in which case using equities can be a big risk and inflation will bite you a lot harder.

if i was in the position of having little discretionary income my plan would be to use

cd's , short term bonds and TIPS and plan on no more than 2% inflation adjusted withdrawals. since if my budget was that tight legacy money wouldn't be an issue as much as income so i would add an spia immediate annuity to the mix down the road because the income is greater than you can do on your own

Last edited by mathjak107; 05-22-2015 at 08:48 AM..
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Old 05-22-2015, 08:59 AM
 
Location: Chesapeake Bay
6,048 posts, read 3,872,797 times
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It appears that most people have done planning similar to mathjak although quite likely not as extensive as his.

I developed a retirement model for us 11 years ago and have very much stuck to it since then. The major difference is that my pension and social security provides the majority of our income. We do have an IRA and it pays a very nice New Years bonus (started w/d from it at age 67).The remaining portion of our income is from the business that my wife and I started 10 years ago (as part of the model). We do not rely on it for any day-to-day expenses nor really for anything else but it is there for whatever.
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Old 05-22-2015, 09:06 AM
 
71,595 posts, read 71,751,865 times
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that is every retirees dream plan !.

to be able to live nicely and not be dependent on the market and interest rate gods for our paychecks must be wonderful.

i think my dream plan for my wife if i am gone would be an annuity for a nice juicy income , life insurance for heirs and giving away most of her money to the kids , grand kids and charities.
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Old 05-22-2015, 09:33 AM
 
Location: Central NY
4,669 posts, read 3,246,905 times
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Default Hello

Quote:
Originally Posted by petch751 View Post
I see a lot of threads here talking about retirement. My husband is retired at (52-53 can't remember exactly) and hopefully my turn will come soon. It's part my fault since I don't feel I have enough. Even though I know everyone is different, even in different in different parts of the country. I"m curious, if you are retired or will soon be please post at what age, state, cash flow from different sources (pension, social security, investments), debt and mortgage if any. I want to see where I stand in my plans or if I am being overly concerned and won't let myself relax enough to retire.
I retired at age 64 due to health problems (I needed eye surgery due to glaucoma). I live in central NY state. Cash flow is not wonderful but it pays the rent, puts food on my table, etc. I went through a couple of job down-sizings which adversely affected my income during that time and also adversely affected my retirement money. The first down-sizing occurred when I was 52 when I had moved to another state for a job with the company I had worked for for 25 years. They had an office/plant in that city and there was a job for me there. However, it suddenly was "no longer available" for me after I got there. After a year of attempting factory work in their plant (I was pretty lousy at it) I returned to Syracuse only to be told I had nothing to offer them (after 25 years). Took some classes and became a medical transcriptionist for about 13 years and another down-sizing (a woman my age and I were let go). Did a short term per Diem. Found a p.t. transcription job. Then the eye problem. During these years, income was low and bills were high. Lots of medical that my insurance did not cover.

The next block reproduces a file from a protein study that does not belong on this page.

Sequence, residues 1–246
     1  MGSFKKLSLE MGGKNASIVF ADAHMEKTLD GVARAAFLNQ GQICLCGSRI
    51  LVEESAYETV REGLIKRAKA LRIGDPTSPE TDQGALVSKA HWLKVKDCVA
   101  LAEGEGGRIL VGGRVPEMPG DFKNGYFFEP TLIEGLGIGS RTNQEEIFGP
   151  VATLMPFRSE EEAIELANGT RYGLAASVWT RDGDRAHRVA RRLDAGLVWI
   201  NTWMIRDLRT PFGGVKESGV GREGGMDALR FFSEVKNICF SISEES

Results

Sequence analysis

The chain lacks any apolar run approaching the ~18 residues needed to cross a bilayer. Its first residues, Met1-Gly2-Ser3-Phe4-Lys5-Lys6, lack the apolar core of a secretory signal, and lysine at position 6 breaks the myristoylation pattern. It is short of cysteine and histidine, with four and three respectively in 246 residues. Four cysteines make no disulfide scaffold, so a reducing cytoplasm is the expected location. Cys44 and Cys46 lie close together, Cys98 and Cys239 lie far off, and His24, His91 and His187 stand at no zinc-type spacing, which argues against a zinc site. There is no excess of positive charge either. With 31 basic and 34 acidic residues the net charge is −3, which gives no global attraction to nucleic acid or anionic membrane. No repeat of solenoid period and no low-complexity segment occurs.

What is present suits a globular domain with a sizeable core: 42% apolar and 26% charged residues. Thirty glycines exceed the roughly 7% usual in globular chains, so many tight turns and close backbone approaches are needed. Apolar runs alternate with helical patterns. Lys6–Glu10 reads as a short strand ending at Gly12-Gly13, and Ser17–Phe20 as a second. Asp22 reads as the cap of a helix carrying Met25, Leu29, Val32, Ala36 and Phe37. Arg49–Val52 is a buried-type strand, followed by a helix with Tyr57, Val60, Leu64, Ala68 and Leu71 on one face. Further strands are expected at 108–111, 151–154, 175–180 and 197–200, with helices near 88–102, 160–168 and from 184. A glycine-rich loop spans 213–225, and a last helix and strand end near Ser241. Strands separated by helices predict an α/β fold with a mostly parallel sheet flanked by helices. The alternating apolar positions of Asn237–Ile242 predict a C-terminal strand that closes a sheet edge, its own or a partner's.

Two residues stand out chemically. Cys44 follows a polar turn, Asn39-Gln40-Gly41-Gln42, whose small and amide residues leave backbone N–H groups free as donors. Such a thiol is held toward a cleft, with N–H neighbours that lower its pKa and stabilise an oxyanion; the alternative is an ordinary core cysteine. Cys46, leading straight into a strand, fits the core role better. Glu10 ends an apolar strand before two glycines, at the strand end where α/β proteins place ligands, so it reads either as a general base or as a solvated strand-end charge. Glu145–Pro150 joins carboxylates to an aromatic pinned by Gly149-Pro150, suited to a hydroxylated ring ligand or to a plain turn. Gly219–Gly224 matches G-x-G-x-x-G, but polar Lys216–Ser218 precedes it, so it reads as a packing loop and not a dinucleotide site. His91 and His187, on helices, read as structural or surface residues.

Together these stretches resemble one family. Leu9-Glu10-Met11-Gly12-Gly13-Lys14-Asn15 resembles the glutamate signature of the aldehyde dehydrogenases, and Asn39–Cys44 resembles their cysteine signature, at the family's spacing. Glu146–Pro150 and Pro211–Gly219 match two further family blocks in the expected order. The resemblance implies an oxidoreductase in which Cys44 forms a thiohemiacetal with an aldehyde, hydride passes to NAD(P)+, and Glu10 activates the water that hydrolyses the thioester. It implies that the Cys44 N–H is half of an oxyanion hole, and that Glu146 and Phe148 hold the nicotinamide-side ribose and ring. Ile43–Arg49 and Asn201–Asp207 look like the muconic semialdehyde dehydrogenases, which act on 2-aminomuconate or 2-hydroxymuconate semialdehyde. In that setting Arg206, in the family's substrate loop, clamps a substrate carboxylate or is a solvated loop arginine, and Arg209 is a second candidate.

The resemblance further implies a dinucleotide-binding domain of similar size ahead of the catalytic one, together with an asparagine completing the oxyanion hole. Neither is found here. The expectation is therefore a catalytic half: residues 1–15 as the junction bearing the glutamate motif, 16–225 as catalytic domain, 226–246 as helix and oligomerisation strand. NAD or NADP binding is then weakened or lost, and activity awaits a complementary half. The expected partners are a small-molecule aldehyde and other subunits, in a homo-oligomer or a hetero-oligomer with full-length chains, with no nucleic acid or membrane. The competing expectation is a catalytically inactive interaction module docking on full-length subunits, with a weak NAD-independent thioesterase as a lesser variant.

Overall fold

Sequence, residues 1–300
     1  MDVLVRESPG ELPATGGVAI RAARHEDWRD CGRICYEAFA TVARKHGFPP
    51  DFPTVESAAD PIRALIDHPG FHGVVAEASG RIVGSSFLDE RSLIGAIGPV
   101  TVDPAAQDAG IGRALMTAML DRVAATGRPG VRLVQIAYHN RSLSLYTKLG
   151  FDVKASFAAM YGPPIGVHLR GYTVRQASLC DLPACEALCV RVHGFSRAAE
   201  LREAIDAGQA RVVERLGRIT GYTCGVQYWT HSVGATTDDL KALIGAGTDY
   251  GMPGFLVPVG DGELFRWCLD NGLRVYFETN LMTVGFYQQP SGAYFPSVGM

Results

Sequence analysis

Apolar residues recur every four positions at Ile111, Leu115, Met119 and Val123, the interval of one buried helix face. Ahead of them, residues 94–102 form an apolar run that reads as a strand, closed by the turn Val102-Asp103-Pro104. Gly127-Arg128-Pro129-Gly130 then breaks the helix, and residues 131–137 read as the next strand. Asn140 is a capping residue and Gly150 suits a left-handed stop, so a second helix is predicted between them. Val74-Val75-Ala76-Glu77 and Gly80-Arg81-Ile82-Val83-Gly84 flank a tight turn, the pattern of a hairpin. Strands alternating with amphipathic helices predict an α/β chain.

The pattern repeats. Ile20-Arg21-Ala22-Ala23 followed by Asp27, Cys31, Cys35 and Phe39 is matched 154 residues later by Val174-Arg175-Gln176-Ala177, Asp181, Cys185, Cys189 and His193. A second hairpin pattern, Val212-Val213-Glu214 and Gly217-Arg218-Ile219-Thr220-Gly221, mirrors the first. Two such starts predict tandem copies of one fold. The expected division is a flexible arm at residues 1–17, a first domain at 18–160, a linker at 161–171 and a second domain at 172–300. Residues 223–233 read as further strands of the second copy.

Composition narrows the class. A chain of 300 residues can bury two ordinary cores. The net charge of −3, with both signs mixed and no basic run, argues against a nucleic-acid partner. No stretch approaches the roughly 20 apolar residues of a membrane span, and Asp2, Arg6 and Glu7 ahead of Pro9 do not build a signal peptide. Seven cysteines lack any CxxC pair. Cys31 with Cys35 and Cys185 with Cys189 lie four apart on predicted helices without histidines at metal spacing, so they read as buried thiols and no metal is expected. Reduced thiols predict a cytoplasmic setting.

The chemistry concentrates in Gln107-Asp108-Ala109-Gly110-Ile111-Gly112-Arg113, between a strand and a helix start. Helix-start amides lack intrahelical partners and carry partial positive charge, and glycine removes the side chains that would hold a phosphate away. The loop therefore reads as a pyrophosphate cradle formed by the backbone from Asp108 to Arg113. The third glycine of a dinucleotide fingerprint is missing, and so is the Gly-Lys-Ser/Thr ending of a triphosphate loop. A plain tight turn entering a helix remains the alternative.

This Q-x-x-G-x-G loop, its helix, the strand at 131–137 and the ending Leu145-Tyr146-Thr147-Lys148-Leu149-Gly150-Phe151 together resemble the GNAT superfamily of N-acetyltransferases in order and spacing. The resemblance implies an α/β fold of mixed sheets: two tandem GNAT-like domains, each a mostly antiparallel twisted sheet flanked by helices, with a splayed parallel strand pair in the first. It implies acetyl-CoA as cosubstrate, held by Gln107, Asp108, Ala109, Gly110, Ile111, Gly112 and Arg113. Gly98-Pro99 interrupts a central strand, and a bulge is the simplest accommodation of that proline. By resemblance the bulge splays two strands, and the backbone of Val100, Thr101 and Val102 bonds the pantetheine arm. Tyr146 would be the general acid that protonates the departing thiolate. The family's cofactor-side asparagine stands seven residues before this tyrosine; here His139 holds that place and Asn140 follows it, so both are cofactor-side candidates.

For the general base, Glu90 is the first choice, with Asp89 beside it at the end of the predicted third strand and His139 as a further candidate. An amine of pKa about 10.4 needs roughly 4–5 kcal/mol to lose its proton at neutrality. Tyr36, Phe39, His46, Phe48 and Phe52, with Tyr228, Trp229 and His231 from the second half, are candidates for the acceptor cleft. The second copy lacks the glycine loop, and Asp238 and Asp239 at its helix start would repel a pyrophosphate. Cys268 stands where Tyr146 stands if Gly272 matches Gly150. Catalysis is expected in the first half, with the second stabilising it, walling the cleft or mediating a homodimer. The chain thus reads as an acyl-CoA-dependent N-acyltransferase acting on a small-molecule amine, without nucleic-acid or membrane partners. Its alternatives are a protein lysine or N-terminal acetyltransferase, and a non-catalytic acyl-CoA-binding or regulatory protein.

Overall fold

Currently looking to relocate out of state. Was looking at NC but now focusing on VA. I don't need a lot. I've gotten used to living with a limited income and don't feel sorry for myself anymore. I'm grateful to be alive and able to do what I can do.
That's my story and I'm sticking to it.
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Old 05-22-2015, 10:35 AM
 
Location: Florida
4,365 posts, read 3,702,696 times
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Quote:
Originally Posted by petch751 View Post
I see a lot of threads here talking about retirement. My husband is retired at (52-53 can't remember exactly) and hopefully my turn will come soon. It's part my fault since I don't feel I have enough. Even though I know everyone is different, even in different in different parts of the country. I"m curious, if you are retired or will soon be please post at what age, state, cash flow from different sources (pension, social security, investments), debt and mortgage if any. I want to see where I stand in my plans or if I am being overly concerned and won't let myself relax enough to retire.
I think instead of asking what others did you will get better opinions if you give your information for the sources of income and your estimated expenses. At 52 you could be retired for 40 years or more so you investments would have to be several million or else you have a good pension. Remember the pension could be in ended or reduced if the payer ends up in financial difficulty.
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Old 05-22-2015, 10:44 AM
 
71,595 posts, read 71,751,865 times
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if you look on the chart i posted you will see for 40 years success rates fall a lot vs 30 years. you need a lot more of a savings or a lot less in withdrawals .

while dropping from 4% to 3% does not sound like much that is a 25% pay cut .

at 4% 50/50 has failed to many times to be considered a high rate of success.